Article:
Wacam Boss receives "Right the Wrong" Award

The Associate Executive Director of Wacam, Mrs Hannah Owusu-Koranteng has received the “Right the Wrong” Award from Oxfam America for promoting the leadership of women in communities affected by mining in Ghana, mentoring new female leaders and being a voice for rural people.


The award ceremony took place on 7th March 2015 in Boston, USA as part of the celebration of the International women’s day.  Ms Ann M. Veneman, former Executive Director of the United Nations Children’s Fund( UNICEF) and former U.S. Secretary of Agriculture  who presented the award to her paid glowing tribute to the continued commitment of Hannah Owusu-Koranteng(Mrs) in empowering ordinary women to speak out against injustice. The citation of the award described Hannah Owusu-Koranteng (Mrs) as a woman who had made extraordinary efforts in fighting injustice and creating lasting change for people living in poverty.


 female activist of Wacam, Ms Joana Akosua Manu who has championed the struggles of her Community in Dumase against the violations of the economic, social, environmental and political rights of indigenous host communities by mining companies  also received the “ Right the Wrong” award. Ms Joana Manu, an Assembly woman for Dumase Electoral area, has been empowered to act against injustice of multinational mining companies through the rights education programme of Wacam. She was unable to travel to US to receive the award because her visa application was turned down. Her award was received on her behalf by Hannah Owusu-Koranteng (Mrs).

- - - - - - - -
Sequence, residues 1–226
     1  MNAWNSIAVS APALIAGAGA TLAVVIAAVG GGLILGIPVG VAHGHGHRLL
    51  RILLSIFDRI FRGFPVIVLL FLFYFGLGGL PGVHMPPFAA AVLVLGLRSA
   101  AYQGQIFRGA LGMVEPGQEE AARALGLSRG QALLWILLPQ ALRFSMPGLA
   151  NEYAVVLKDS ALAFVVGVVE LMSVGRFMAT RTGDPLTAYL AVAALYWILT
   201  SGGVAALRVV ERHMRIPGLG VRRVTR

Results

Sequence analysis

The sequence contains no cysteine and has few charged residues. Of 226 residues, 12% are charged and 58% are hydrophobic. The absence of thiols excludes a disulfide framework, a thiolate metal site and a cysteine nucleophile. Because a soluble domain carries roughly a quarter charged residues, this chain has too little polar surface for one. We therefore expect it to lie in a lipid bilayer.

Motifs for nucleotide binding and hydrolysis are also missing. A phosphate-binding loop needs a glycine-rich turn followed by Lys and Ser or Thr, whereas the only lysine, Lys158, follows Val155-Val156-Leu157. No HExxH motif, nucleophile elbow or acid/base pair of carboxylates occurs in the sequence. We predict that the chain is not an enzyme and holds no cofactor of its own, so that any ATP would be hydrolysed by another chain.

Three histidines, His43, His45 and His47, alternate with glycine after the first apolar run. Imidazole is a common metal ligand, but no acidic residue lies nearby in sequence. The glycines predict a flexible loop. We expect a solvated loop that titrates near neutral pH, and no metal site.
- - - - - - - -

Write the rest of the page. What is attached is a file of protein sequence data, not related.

Ms Ann M. Veneman giving the “Right the Wrong” award to Hannah Owusu-Koranteng


Hannah Owusu-Koranteng (Mrs) thanked Oxfam America for honouring her and Ms Joana Akosua Manu. She dedicated the award to women who are fighting injustice in all corners of the world especially women living in mining communities who are fighting against corporate greed which deprives women of their dignity.


Mrs Hannah Owusu-Koranteng had extensive discussions with advocacy and lobby groups in the US such as “Sisters of the Planet Ambassadors” which is a network of 300 influential women from across the US who are American government officials, business, and faith and community leaders united by a commitment to women’s empowerment.  She made a presentation on how activities of multinational mining companies destroy the livelihoods of host communities and deprive indigenous people of access to resources at the Hunger Banquet that was held in Boston, USA for about 300 people of diverse backgrounds to draw attention to global inequalities which had resulted from bad governance and policies.